Read CHAPTER XV of Raphael Pages Of The Book Of Life At Twenty, free online book, by Alphonse de Lamartine, on ReadCentral.com.

I was not at the time sufficiently composed to understand my own feelings. I felt as one just relieved from a heavy burden, who breathes freely, relaxes his contracted muscles, and walks to and fro in his strength, as though he could devour space, and inhale all the air of heaven. My own heart was the burden of which I had been relieved, and, in giving it to another, I felt as if I had for the first time entered into the fulness of life. Man is so truly born to love, that it is only when he has the consciousness of loving fully and entirely that he feels himself really a man. Until then he is disturbed and restless, inconstant and wandering in his thoughts; but from thenceforward all his waverings cease, he feels at rest, and sees his destiny before him.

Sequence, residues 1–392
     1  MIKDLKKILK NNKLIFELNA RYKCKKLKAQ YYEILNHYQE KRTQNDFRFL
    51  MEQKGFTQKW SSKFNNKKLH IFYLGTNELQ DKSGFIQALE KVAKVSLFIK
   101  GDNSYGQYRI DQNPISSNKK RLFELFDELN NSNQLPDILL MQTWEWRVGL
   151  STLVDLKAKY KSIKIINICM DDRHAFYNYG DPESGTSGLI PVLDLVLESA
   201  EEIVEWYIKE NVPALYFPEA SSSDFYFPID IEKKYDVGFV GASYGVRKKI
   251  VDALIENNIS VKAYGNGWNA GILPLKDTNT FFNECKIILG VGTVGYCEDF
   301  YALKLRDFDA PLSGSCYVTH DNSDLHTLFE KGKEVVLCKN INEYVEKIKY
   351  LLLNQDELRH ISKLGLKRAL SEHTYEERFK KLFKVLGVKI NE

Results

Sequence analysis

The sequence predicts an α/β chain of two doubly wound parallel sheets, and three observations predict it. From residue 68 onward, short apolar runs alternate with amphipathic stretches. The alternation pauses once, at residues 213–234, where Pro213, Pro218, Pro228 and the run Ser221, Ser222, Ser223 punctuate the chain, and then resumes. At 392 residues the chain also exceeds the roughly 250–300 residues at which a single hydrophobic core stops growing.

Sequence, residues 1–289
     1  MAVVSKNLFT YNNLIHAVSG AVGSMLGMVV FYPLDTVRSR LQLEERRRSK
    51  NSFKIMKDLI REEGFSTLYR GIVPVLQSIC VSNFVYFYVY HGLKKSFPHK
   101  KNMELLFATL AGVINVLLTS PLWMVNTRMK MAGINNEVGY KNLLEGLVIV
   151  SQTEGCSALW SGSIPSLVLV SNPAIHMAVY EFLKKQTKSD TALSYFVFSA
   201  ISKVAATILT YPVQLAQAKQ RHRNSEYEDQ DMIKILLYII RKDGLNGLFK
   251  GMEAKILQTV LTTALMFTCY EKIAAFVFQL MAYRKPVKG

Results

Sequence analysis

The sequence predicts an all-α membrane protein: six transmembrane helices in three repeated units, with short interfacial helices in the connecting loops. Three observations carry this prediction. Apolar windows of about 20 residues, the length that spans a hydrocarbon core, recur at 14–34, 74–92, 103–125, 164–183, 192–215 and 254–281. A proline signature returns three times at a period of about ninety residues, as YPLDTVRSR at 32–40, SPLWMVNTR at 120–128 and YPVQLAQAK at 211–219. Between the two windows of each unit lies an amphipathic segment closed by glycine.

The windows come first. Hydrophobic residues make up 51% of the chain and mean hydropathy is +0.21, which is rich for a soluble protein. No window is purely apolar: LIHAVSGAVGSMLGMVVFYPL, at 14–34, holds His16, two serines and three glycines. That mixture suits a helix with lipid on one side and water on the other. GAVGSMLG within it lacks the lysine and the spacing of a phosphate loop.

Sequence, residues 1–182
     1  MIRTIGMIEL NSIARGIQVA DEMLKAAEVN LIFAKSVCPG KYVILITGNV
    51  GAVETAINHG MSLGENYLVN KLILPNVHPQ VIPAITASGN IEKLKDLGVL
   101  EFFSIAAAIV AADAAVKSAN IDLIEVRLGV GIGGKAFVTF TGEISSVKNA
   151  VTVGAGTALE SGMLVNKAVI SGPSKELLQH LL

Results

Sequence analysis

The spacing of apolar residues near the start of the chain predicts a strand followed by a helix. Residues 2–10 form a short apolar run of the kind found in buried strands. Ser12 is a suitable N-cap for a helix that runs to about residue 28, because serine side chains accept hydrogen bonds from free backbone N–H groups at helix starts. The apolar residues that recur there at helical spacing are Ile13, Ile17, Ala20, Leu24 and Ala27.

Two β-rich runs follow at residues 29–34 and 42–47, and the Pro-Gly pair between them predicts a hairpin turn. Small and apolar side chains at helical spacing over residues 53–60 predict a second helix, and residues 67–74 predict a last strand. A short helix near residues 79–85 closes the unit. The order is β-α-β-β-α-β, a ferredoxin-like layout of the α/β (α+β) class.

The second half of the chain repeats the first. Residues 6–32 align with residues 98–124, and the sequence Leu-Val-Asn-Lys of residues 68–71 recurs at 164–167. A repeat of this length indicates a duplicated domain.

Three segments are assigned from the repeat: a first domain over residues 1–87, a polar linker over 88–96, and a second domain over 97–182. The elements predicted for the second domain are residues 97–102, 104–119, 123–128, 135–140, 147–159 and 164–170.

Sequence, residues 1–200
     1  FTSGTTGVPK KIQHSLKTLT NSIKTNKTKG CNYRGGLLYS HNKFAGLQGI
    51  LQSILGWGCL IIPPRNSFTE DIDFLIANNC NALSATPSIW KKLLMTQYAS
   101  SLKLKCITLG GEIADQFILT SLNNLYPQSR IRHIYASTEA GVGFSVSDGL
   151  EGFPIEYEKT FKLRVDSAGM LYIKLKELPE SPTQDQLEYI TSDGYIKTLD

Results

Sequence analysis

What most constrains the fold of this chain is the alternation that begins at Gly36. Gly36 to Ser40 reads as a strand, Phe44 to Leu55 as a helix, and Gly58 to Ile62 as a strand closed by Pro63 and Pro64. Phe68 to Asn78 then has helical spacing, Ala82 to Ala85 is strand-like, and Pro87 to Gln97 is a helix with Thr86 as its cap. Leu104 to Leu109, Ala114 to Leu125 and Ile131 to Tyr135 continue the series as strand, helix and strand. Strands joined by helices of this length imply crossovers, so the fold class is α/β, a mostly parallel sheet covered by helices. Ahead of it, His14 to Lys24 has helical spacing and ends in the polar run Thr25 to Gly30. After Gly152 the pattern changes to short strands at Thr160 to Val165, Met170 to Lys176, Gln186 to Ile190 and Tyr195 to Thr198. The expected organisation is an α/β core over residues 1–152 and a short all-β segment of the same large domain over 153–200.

I sat down upon the ivy-covered wall of a high dilapidated terrace which overlooked the lake. My eyes wandered over the bright expanse of water and the luminous immensity of the sky; they were so well blended in the azure line of the horizon that it would have been impossible to define where the sky commenced, and where the lake terminated. I seemed to float in the pure ether, or to be merged in a universal ocean. But the inward joy which inundated my soul was far more infinite, radiant, and incommensurate, than the atmosphere with which I seemed to mingle. I could not have defined my joy, or rather my inward serenity. It was as some unfathomable secret revealed to me by feelings instead of words, as the sensation of the eye passing from darkness into light, or as the rapture of some mystical soul, secure in the possession of its God. It was dazzling light, intoxication without giddiness, repose without heaviness, or immobility. I could have lived on thus during as many thousand years as there were ripples on the lake, or sands upon its shores, without perceiving that more seconds had elapsed than were required for a single respiration. When the immortal dwellers in heaven first lose the consciousness of the duration of time, they must feel thus; it was an immutable thought, in the eternity of an instant.